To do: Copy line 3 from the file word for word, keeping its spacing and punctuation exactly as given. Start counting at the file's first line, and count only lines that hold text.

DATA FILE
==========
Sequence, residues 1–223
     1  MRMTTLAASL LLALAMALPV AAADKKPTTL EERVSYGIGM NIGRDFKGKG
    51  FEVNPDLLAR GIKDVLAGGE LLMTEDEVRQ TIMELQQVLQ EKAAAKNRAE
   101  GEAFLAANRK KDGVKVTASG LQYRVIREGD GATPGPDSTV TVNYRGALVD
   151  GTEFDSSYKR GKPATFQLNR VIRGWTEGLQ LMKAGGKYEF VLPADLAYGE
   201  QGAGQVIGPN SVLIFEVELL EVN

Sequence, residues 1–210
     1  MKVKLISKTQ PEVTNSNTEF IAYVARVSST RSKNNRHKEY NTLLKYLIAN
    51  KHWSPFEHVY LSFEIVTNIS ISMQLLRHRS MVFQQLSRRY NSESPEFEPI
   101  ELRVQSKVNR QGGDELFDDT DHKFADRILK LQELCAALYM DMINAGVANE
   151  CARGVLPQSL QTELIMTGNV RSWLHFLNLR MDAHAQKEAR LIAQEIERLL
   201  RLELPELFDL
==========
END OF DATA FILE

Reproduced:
    51  FEVNPDLLAR GIKDVLAGGE LLMTEDEVRQ TIMELQQVLQ EKAAAKNRAE